I walked over and quietly closed the window, being careful not to get my head in the way of the automatic air-cooler, which sometimes came loose and fell out. That’s how it was I was standing at the window and saw Brick suddenly slam down his shovel with all his might. He stomped over to the garage and started to open it. But he must have stepped on the button that would open the overhead door without lifting a finger, because the door flew up and hit him in the face. It was his own fault, in a way, because he was standing too close. But I never heard such swearing. Pretty soon, he backed the car out of the garage, and shot down the driveway, and out into the street. June had gone into the bedroom and shut the door. I sighed; such a lovely, lovely little house. what had come over it to make two people so unhappy?
The next time I came, I asked Brick quietly to disconnect the automatic bell-timer and flashing light on the washer. It made me nervous and, besides, I was afraid it would get out of order again.
He grinned at me, and winked. “Don’t know as I blame you,” he said. “I had to remove the garage doors to keep from getting my head knocked off, and it keeps me broke having my clothes pressed from drenching under that shower, to say nothing of being hit in the small of my back every time I go through the kitchen screen door!”
But in spite of his joking, I noticed a growing coolness between them and soon he wasn’t even kissing her goodbye.
June’s mother and I talked it over one afternoon while we had some hot chocolate and cookies. June’s mother was a quiet, gentle little woman, reminding me of a dove. She didn’t want to interfere, but we agreed that something would have to be done.
Next morning, we waited until we were sure he’d be gone to work, and then walked down to June’s place.
She was still sitting at the uncleared breakfast table, just staring into space. I saw traces of tears on her cheeks.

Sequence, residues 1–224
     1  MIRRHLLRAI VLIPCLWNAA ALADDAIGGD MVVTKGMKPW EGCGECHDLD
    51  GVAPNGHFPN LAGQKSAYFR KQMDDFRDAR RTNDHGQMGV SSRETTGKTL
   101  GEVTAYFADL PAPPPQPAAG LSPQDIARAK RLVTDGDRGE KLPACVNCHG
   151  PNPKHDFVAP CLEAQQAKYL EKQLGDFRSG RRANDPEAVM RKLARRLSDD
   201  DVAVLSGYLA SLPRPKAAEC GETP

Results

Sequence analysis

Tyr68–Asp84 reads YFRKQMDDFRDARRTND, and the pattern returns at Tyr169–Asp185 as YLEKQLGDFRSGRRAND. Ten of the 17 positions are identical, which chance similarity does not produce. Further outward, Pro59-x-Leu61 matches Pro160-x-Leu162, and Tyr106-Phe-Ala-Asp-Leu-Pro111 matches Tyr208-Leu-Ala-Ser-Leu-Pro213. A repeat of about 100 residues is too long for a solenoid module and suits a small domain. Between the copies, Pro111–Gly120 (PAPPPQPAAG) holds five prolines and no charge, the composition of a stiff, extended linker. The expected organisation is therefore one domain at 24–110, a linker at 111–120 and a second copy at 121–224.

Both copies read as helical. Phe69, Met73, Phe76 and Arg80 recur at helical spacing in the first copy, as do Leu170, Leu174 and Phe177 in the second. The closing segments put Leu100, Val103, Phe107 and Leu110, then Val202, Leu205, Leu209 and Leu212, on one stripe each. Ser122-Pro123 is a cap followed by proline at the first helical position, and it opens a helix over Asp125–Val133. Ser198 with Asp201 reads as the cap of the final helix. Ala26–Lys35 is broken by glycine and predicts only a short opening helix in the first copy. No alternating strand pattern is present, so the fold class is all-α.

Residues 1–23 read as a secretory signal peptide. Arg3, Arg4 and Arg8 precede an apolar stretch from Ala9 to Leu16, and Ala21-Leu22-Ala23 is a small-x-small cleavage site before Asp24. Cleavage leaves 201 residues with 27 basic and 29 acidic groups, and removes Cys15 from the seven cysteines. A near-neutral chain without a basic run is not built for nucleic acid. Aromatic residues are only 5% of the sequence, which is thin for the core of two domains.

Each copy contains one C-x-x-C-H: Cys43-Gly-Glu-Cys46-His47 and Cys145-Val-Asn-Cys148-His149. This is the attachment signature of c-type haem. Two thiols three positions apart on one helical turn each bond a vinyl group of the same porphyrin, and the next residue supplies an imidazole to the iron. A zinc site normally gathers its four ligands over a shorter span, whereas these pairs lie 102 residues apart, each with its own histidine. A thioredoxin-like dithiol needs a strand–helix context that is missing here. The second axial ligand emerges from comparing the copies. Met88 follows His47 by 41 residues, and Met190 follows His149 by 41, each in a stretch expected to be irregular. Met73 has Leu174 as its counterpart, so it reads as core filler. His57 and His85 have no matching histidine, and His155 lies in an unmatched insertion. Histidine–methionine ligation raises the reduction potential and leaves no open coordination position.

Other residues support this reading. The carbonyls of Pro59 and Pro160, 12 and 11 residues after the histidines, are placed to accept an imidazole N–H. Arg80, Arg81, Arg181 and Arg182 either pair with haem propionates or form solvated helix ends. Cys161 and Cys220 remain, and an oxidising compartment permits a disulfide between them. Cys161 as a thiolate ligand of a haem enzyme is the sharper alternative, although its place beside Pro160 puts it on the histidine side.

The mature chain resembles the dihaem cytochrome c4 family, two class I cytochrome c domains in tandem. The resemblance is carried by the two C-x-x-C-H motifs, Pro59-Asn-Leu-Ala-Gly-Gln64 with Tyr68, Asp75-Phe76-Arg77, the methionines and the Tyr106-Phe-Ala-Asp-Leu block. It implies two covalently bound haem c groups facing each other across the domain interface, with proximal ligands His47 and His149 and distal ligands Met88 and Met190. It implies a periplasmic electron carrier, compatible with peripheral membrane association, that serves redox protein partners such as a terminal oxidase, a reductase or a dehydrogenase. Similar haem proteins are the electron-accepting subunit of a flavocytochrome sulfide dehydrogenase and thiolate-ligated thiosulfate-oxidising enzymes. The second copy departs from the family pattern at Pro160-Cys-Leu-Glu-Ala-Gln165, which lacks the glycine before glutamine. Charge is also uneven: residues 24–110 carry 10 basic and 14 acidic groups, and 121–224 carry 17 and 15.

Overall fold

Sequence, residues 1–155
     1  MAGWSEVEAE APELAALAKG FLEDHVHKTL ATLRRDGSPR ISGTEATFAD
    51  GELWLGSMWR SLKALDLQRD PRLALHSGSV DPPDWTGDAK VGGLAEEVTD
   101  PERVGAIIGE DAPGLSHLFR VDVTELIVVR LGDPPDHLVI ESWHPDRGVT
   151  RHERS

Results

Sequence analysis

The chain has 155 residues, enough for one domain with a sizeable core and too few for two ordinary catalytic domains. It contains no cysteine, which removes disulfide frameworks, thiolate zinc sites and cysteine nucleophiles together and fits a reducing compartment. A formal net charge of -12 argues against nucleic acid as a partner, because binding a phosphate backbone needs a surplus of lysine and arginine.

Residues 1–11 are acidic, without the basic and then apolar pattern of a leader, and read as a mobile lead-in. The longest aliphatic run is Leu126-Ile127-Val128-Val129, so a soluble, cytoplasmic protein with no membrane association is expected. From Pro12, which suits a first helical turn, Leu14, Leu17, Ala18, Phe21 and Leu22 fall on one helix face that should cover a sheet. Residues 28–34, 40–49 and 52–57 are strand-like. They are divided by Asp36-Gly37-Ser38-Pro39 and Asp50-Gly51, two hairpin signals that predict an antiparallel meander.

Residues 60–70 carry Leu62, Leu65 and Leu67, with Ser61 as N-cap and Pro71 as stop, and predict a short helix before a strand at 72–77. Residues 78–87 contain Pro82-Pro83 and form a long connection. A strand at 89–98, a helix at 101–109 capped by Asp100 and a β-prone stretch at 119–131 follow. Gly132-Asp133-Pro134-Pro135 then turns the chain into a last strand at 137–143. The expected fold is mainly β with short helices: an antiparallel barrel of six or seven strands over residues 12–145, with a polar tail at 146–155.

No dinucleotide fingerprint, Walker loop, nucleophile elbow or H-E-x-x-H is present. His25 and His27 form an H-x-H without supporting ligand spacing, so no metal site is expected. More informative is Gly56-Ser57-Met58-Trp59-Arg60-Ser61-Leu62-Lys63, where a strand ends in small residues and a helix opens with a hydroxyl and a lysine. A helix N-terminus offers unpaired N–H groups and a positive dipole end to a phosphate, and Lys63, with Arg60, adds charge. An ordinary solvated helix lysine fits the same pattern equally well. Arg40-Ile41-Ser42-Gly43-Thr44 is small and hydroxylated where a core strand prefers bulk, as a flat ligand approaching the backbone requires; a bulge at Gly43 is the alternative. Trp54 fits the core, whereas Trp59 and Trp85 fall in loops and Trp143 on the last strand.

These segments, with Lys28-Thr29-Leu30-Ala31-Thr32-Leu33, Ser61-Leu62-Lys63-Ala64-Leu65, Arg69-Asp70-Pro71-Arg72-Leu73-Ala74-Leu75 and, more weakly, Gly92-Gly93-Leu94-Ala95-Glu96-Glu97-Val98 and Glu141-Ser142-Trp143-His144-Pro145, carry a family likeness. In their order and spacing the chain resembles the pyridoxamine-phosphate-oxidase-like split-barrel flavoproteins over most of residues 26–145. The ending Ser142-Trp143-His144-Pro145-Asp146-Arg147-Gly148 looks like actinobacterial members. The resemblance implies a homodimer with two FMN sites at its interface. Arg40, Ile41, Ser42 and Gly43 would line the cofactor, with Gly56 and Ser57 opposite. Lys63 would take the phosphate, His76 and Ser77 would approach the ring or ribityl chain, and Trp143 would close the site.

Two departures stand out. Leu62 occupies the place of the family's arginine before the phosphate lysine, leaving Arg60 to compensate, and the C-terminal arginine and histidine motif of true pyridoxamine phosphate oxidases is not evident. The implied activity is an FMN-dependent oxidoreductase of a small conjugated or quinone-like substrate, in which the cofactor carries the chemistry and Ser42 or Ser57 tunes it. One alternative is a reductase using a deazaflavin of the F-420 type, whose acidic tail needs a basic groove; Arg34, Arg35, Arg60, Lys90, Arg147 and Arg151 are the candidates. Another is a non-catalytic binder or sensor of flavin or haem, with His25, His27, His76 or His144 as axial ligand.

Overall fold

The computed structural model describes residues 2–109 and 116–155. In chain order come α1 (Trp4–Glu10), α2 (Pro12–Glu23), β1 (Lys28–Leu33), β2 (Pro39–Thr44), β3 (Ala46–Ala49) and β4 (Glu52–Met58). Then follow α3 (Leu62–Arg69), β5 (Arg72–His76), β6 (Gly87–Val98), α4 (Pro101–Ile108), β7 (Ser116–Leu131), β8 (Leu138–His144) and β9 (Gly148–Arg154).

“Don’t you feel well, dear?” asked her mother.
June didn’t answer at first, just pressed the wet ball of her handkerchief to her nose. When she spoke, her voice was muffled.
“Oh, I’m all right – I guess – but you might as well know. Everything – simply everything – has gone wrong –” She covered her face wit her hands.
I sat down on the window seat, and June’s mother drew up a chair close to June. “Oh, now, it can’t be quite that bad. Nothing is,” she began gently.
“Maybe I’d better go,” I suggested, not getting up.
June blew her nose. “No, Mattie. You’ve heard so much already. You might as well hear the rest of it.”
It seemed that the day had started wrong, for one thing. The alarm hadn’t rung, so they’d overslept. And, in her hurry, June had let his eggs fry too hard, and was called to the phone right in the midst of getting breakfast on. When she came back, there was a regular column of smoke coming from the toaster. Brick was just looking at it, a peculiar smile on his face.
“You’d think he’d have at least taken the bread out, or something,” she wailed.
Then he had started muttering. “Oh, he couldn’t leave it the way the manufacturer made it. No; he had to improve –” And then he had yanked the toaster from its moorings and flung it across the room, bread and all. His face got fiery red, and June said it frightened her, the way he looked, his hair standing up on his head, and his eyes sort of narrowed.